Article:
Making the right decision and strategically choosing the right-side plants for your pool can turn any boring concrete poolside into a lively one. To make this selection, you must search for plants that thrive properly in humid environments.
Since these plants are going to be planted around pool areas, they’re likely to get splashed by chlorine and other spa chemicals, so they have to be able to withstand these.
That said, some of the best potted plants for pool area includes Egyptian Papyrus, banana trees, Hawaiian hibiscus, bird of paradise, echeveria, zebra grass, and many others that we will be discuss in this article.
Best Potted Plants for Pool Area
1. Banana Trees
If you want your poolside to have a tropical look and the weather condition is frost-free, banana trees would be able to create the mood that you’re looking for. Banana trees are fast-growing herbaceous plants or perennial trees with long and broad leaves.
These trees have beautiful and light leaves, so ensure that you place them in a safe place away from the harsh weather because they can get ripped easily by the strong wind.
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2. Hawaiian Hibiscus
There are a lot of Hawaiian plant varieties to go for, and if you can plant Hawaii-based plants in your state, then go for it. You can choose from amazing species: white wings, Kona princess, flamenco flame, and bohemia crown.
Hawaiian hibiscus usually consumes a lot of water so ensure that it is provided with a lot of water from time to time.
For a better floral arrangement, pick one of these flowers during the day when it is still in full bloom, place it in the refrigerator and watch as it maintains its freshness for the evening.
3. Bird of Paradise
If you are planning on giving your pool a tropical-oasis route, you would be able to get there much faster with the bird of paradise. These plants look similar to the banana plant and usually grows up to a height of 2 foot long.
Just like the banana trees, these plants have very tender and soft leaves and can get ripped easily in strong winds.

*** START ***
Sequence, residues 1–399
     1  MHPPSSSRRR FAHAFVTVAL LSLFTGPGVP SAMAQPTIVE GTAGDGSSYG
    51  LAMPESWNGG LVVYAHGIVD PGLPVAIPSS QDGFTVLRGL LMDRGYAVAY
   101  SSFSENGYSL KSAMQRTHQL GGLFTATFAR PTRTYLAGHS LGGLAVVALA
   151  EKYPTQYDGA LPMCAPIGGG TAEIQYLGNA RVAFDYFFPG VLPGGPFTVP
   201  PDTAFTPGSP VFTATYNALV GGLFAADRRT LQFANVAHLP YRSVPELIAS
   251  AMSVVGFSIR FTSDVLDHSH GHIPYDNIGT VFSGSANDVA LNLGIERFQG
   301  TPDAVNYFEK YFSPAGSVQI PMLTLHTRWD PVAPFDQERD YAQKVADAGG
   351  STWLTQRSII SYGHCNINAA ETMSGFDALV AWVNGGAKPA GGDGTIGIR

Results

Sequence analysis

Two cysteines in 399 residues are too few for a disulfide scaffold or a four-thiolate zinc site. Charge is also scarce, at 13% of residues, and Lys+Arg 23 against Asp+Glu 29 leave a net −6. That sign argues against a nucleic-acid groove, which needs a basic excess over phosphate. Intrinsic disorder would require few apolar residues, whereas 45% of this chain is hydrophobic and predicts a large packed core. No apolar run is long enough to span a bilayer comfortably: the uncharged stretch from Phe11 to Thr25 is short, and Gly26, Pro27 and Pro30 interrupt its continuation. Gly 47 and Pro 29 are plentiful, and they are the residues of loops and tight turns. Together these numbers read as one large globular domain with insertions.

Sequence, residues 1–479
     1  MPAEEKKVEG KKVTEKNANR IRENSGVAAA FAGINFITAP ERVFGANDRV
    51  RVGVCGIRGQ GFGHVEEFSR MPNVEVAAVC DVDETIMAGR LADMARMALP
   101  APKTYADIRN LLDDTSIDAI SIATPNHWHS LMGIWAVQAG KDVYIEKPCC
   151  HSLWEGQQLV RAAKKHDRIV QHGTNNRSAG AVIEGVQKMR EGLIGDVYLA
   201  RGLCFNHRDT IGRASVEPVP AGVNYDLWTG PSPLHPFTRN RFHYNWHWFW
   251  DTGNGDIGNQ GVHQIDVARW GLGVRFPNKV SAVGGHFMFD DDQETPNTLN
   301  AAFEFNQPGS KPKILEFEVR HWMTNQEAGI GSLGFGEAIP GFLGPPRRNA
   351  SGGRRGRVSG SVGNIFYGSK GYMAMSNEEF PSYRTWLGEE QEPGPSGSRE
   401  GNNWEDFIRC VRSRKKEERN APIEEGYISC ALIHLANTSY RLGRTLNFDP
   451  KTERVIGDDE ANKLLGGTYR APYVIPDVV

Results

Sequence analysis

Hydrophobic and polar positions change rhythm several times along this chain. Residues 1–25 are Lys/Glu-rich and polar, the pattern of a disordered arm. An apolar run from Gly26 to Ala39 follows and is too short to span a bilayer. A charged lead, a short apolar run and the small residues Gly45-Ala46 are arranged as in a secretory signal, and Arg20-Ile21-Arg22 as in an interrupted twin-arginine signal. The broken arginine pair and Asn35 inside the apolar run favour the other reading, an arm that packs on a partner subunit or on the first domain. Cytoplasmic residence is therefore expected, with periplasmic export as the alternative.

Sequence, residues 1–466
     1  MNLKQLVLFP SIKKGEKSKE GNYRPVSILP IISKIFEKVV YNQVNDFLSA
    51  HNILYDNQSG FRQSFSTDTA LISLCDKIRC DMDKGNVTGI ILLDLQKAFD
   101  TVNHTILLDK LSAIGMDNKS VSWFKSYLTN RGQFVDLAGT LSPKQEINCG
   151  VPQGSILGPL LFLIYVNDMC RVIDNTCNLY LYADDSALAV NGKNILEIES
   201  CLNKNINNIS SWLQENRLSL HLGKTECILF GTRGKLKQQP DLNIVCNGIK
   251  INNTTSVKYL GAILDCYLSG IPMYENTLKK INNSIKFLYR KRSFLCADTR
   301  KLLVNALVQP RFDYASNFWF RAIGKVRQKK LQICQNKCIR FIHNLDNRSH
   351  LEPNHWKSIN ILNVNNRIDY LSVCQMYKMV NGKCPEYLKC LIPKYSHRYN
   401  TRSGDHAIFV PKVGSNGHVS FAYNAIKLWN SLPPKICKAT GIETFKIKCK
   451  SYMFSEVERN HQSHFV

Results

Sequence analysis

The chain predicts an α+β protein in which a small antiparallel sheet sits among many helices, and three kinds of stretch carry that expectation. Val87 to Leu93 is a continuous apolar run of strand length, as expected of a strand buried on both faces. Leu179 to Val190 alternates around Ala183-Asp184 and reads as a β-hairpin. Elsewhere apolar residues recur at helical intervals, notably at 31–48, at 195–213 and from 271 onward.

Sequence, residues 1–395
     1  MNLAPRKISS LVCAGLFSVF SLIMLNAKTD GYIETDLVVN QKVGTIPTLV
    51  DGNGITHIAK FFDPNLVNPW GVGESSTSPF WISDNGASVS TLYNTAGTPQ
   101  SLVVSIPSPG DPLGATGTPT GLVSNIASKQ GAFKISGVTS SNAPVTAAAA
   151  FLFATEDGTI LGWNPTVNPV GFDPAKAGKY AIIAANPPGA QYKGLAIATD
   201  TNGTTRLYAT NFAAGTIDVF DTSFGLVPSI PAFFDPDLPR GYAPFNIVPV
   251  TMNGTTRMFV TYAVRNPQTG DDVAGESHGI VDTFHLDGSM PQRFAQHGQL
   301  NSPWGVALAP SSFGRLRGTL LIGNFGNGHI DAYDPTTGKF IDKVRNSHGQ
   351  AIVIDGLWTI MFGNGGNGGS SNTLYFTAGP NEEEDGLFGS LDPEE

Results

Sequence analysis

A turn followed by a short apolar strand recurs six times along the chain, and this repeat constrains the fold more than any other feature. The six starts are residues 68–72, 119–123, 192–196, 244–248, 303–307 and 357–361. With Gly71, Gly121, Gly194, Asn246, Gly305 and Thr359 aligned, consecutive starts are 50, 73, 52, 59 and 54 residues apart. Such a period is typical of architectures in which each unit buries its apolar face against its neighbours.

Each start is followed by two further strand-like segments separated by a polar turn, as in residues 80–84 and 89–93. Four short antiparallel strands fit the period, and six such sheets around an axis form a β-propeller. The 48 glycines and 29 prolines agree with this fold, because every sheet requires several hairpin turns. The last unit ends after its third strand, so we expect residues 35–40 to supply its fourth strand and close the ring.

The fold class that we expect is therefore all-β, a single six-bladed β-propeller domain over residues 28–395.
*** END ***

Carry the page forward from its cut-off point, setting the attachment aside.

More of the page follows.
Bird of paradise would be one of the perfect birds for pool-scaping. It does not shed and can withstand splashing; in moderation, of course.
4. Zebra Grass
Zebra grass is an ornamental grass, and we would like to say, generally, ornamental plants are excellent for pool sides.
This grass is easy to take care of, blends well with other plants, and grows quickly. Some amazing color varieties of this plant include white, blue, and orange.
This popular ornamental plant is the strictus “Miscanthus Sinensis” and is mostly referred to and known as the zebra grass or the porcupine grass. Due to its horizontal stripes resembling a zebra, this plant has an exotic look that goes very well with tropical landscaping.
5. Egyptian Papyrus
When in the right condition, the Egyptian papyrus can be used to create a nice mood in your poolside-lush, exotic and tropical. The Egyptian papyrus loves water and can thrive well in shallow ponds or anywhere close to water.
This plant does well close to the clay soil as it is said that clay soil helps it retain its dampness which it likes. You can pair this plant with a skinny equisetum for the perfect duo as that plant also likes water and has an exotic feel, and just like the papyrus, all this plant needs too is full sun, wet and rich soil.
Echeveria is a succulent perennial that originates from Mexico, and when touched, it feels like there is a cross between felt and velvet.
These plants are drought tolerant and suitable for rock gardens, and therefore, they would be a nice addition to plants alongside your pool or spa.
For their growth, they require soil with a well-drained and succulent mix and an ideal pH of about 6. These plants can be grown as shrubs reaching a height of about 60cm (2 feet) with four-inch-long leaves.